The date of Jeff Bezos’ trip to space isn’t a coincidence – it’s the anniversary of the Apollo 11 mission to the moon

Jeff Bezos and the Apollo 11 moon landing
  • Jeff Bezos will travel to the edge of space aboard a Blue Origin rocket on July 20.
  • The date has good mojo in space history: It’s the anniversary of the Apollo 11 mission to the moon.
  • Bezos is obsessed with Apollo 11 – he retrieved pieces of its engine from the ocean in 2013.
  • See more stories on Insider’s business page.

Jeff Bezos’ trip aboard a Blue Origin rocket on Tuesday will take place on a fortuitous day in space history.

The 11-minute trip 62 miles above Earth will take Bezos to the edge of space. Inside Blue Origin’s New Shepard spacecraft, Bezos, his brother Mark, 82-year-old aviator Wally Funk, and Dutch teen Oliver Daemen will have three minutes to float around the spacecraft and view Earth from afar – or gaze into the depths of outer space.

While it could be a risky trip for the world’s richest person and ex-CEO of Amazon, the date of the trip – July 20 – has pretty good mojo: It’s the anniversary of the first humans landing on the moon 52 years ago.

On July 16, 1969, Neil Armstrong, Michael Collins, and Buzz Aldrin blasted off from the Florida coast with the mission of landing on the moon and collecting samples of its surface. Four days later, on July 20, Armstrong and Aldrin set foot on the moon, planting the American flag and capturing iconic footage of their voyage.

Read more: Space vacations will soon be an option for people with 6 figures to burn. These are 4 companies leading the industry.

Now, decades later, Bezos will fulfill a childhood ambition to visit space on the same date. Bezos’ interest in space stems from his maternal grandfather, Lawrence Preston Gise. According to Brad Stone’s book, “Amazon Unbound,” Gise spent the 1950s and 1960s working on space technology and missile defense systems for the Atomic Energy Commission, a federal agency that was created in 1946 to manage the use of nuclear energy for both civilian and military applications. A young Bezos used to travel to Gise’s South Texas ranch each summer where he would watch Apollo launches and read science fiction books from the library, according to Stone’s book.

As an adult, Bezos took his love of space to the next level: First, with the founding of Blue Origin in 2000, a rocket company focused on getting humans to the moon. Then, in 2013, Bezos, his brother, his brother-in-law, and his parents spent three weeks at sea recovering pieces of the engine of the Apollo 11 spacecraft.

“We’ve seen an underwater wonderland,” Bezos wrote of the experience, “an incredible sculpture garden of twisted F-1 engines that tells the story of a fiery and violent end, one that serves testament to the Apollo program.”

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Jeff Bezos is stepping aside as Amazon CEO, but it’s unlikely he’s slowing down. The billionaire tech tycoon has a passion for extreme adventures, from dog-sledding to ocean exploration.

Jeff Bezos Blue Origin
  • Jeff Bezos may bet stepping down as Amazon CEO, but it’s highly unlikely he’s slowing down.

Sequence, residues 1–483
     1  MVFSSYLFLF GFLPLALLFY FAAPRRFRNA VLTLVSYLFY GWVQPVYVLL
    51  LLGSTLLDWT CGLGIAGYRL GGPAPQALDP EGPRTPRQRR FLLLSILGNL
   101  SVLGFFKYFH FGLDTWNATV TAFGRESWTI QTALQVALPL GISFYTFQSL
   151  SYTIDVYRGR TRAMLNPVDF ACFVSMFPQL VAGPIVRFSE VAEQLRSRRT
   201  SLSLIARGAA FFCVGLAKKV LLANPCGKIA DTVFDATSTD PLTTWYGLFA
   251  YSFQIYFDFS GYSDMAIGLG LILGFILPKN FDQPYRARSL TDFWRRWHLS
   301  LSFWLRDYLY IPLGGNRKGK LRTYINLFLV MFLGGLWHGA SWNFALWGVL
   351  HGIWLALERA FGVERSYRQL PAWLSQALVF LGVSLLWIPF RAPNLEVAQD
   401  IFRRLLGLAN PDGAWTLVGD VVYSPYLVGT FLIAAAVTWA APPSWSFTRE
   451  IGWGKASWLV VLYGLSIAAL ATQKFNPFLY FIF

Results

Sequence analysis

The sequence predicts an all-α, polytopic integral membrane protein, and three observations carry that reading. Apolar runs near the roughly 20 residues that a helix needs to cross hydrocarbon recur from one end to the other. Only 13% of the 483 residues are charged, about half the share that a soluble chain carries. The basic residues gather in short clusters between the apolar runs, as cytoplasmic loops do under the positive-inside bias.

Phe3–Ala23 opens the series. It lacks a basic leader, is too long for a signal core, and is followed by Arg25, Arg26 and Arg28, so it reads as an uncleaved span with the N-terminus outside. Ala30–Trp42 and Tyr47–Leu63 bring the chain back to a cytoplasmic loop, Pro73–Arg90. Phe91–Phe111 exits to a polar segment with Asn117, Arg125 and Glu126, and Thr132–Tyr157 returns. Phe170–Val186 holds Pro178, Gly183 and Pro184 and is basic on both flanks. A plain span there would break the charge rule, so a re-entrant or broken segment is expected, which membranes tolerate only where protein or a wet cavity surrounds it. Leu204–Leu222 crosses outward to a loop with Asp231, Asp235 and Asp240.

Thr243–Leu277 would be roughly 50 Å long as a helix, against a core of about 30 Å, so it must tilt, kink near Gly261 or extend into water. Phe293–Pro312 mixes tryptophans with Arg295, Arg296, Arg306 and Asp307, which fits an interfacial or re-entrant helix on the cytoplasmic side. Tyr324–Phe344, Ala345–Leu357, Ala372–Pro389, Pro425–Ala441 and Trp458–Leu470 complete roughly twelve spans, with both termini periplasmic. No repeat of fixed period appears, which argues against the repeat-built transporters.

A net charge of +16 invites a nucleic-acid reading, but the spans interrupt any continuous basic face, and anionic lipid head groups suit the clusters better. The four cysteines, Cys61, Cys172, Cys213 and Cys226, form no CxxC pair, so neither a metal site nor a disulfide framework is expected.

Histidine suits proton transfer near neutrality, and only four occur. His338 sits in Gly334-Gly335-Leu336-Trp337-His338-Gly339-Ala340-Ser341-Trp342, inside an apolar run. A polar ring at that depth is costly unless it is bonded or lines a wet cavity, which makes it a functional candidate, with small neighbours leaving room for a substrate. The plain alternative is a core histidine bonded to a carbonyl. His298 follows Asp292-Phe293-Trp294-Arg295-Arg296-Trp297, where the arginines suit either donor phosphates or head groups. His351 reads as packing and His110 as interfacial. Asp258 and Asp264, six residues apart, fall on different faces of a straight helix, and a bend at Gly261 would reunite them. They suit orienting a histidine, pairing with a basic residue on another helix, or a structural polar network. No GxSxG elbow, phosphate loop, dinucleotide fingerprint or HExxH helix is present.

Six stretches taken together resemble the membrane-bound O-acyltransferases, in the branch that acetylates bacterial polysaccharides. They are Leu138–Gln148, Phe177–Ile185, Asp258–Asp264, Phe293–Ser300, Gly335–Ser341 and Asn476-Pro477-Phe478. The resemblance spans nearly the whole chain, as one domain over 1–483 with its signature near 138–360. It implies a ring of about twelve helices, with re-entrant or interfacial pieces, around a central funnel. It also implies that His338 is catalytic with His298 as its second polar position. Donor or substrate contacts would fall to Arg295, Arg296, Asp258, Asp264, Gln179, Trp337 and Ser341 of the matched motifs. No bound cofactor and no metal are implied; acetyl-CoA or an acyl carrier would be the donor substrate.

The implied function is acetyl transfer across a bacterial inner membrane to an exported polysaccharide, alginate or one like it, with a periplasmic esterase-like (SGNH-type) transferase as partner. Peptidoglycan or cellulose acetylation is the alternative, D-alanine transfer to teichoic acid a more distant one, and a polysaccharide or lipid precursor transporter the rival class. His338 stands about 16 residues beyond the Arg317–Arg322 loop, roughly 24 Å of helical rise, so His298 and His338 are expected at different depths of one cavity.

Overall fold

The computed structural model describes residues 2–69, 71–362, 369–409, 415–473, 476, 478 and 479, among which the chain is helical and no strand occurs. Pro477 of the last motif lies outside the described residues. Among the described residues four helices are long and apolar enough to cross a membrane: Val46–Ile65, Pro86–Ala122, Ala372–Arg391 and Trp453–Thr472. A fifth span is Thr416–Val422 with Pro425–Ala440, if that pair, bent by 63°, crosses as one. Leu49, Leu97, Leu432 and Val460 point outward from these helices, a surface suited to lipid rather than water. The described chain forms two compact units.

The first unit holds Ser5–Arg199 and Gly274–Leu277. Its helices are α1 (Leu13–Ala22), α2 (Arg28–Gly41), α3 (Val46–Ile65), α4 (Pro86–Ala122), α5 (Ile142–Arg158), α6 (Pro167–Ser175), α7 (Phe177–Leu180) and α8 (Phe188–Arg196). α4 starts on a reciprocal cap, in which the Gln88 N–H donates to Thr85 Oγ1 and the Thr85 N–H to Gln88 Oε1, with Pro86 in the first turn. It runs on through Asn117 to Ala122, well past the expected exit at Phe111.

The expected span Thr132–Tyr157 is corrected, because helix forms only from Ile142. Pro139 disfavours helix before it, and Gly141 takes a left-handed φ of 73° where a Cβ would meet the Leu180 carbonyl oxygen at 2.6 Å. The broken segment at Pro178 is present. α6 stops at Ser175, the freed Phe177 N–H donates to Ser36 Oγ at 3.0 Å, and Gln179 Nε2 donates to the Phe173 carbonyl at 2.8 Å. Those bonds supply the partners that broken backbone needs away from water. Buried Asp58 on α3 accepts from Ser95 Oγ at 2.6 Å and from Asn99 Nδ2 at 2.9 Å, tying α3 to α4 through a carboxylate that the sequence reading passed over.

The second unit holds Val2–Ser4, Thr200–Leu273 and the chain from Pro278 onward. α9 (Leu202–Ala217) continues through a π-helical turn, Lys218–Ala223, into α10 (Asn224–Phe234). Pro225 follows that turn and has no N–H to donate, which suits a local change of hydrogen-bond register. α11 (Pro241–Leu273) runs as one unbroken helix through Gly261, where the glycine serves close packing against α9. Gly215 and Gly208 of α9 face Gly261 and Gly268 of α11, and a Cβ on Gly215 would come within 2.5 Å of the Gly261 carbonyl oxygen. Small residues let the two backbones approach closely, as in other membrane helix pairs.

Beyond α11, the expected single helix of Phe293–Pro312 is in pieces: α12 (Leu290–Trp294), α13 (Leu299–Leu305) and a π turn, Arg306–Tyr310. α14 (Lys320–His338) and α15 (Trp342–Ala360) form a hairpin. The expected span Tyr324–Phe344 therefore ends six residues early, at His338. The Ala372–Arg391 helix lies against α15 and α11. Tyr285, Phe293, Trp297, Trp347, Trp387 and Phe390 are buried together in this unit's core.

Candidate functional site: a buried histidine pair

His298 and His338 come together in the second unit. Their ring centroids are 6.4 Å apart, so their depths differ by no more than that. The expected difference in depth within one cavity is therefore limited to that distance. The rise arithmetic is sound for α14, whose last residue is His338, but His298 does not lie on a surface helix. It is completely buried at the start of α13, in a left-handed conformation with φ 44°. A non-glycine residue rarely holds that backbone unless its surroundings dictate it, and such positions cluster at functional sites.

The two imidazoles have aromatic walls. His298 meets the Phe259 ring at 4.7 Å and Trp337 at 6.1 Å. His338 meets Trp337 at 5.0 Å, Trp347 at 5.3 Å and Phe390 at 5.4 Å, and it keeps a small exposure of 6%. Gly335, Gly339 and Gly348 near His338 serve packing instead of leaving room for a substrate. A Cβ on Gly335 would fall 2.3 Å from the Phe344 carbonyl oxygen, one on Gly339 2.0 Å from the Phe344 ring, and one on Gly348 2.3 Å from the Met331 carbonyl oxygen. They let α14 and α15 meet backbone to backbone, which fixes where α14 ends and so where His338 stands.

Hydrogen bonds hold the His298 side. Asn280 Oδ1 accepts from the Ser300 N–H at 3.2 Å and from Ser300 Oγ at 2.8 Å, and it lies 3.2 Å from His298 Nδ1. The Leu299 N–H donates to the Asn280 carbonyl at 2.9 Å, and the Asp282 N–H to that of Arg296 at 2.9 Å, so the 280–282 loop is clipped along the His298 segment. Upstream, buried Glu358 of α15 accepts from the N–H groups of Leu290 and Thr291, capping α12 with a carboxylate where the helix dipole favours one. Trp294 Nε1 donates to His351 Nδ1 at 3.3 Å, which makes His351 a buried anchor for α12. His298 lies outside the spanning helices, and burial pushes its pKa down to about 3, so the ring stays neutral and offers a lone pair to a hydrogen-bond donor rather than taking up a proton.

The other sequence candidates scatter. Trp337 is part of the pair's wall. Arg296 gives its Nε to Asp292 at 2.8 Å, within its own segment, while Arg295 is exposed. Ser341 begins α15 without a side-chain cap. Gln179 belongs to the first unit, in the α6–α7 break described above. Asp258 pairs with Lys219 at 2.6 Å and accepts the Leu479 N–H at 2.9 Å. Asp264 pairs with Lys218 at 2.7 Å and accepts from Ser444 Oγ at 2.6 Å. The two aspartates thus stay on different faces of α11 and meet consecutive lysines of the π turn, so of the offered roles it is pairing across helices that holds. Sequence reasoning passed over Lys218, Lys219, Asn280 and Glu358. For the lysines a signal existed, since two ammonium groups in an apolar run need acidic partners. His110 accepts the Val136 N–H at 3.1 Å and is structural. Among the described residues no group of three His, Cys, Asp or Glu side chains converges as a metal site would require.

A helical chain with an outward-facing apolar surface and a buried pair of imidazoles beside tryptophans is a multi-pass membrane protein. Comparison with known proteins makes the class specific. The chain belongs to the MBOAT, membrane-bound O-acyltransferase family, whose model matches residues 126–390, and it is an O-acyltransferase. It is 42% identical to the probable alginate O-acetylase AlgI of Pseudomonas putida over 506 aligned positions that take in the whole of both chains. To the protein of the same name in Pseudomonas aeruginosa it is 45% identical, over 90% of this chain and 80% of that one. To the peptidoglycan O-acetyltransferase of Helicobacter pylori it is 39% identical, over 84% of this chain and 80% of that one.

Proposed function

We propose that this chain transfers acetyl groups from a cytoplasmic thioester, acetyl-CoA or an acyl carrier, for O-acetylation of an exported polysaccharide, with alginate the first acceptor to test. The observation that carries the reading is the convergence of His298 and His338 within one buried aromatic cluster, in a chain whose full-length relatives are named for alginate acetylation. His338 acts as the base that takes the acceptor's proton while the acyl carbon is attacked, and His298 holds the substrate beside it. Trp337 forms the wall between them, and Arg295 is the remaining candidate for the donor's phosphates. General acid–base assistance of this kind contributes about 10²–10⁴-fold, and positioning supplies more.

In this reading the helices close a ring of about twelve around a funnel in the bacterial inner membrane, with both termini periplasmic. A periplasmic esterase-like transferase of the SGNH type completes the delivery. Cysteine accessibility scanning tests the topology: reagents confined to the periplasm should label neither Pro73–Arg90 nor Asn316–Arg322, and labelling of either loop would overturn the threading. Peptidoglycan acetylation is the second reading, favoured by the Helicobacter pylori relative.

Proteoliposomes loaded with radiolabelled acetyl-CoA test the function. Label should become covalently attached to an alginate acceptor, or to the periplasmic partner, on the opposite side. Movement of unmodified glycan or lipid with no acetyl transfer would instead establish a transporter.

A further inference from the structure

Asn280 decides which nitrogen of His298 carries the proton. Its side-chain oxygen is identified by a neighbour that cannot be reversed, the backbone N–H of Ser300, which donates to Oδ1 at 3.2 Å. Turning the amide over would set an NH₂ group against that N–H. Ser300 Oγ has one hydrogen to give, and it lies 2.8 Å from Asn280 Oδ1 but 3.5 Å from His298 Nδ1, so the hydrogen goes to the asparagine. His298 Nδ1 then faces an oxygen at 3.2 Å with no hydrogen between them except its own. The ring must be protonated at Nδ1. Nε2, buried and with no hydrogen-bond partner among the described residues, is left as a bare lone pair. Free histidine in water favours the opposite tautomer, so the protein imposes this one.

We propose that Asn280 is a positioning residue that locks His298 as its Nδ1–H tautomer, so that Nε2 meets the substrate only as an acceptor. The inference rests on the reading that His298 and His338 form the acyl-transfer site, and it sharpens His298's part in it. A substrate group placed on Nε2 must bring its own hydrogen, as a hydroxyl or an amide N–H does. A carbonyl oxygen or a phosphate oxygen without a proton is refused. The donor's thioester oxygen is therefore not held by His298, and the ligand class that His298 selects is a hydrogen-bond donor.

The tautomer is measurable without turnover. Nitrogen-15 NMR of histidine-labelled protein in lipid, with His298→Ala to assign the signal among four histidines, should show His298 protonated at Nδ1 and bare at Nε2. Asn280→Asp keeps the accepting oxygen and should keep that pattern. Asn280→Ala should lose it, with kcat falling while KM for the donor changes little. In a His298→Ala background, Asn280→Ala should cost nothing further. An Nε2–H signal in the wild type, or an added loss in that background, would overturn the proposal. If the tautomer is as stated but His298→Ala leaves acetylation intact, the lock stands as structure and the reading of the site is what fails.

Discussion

• The billionaire has long had a love of adventures, like long horseback trips and ocean exploration.
  • His next voyage will be to the edge of space aboard a Blue Origin rocket.
  • See more stories on Insider’s business page.

Jeff Bezos may be stepping aside as CEO of Amazon, but if history is any indication, he won’t be slowing down anytime soon.

The 57-year-old Bezos has a penchant for unusual adventures, hobbies that take him on days-long horseback rides or to the bottom of the ocean. In fact, his next voyage will take him to the outer reaches of Earth’s gravitational pull. On July 20, Bezos, his brother, and two other passengers will take an 11-minute trip to space aboard a Blue Origin rocket.

Read more: The leadership challenge that awaits Amazon’s next CEO

But the space voyage is the latest – and arguably most extreme – way Bezos has spent his time and money over the years.

Bezos once went on a 50-mile horseback ride through West Texas

Accompanied by his father, Mike, and his brother Mark, Bezos rode for 50 miles on horseback.

“Three days, super fun, my butt hurt,” Bezos said during an interview with Mark at a Summit leadership event in 2017.

Mark Bezos shared a photo of his brother sleeping in a sleeping bag on the ground during the trip, his pillow covered in a ring of frost.

“This is when you know it’s good to be a mammal,” Bezos said.

He traveled to the bottom of the ocean to retrieve pieces of Apollo 11

In 2013, Bezos, his brother, his brother-in-law, and his parents spent 30 days at sea recovering pieces of the engine of the Apollo 11 spacecraft, which took the first humans to the moon.

“We’ve seen an underwater wonderland – an incredible sculpture garden of twisted F-1 engines that tells the story of a fiery and violent end, one that serves testament to the Apollo program,” Bezos wrote of the experience.

Bezos has always been passionate about Apollo 11, and even timed his space journey to the iconic mission: July 20 is the same day Neil Armstrong and Buzz Aldrin stepped foot on the moon in 1969.

He once climbed to the top of one of Amazon’s wind turbines

In 2017, Bezos shared a video on Instagram to celebrate the opening of one of Amazon’s wind farms. Equipped only with a harness and a hard hat, Bezos stood on top of a turbine and smashed a bottle of bubbly.

“Fun day christening Amazon’s latest wind farm,” he wrote.

A post shared by Jeff Bezos (@jeffbezos)

He’s gone cave-exploring

During Bezos’ 2017 interview with his brother, Mark Bezos shared photos of Bezos rappelling hundreds of feet down into a cave.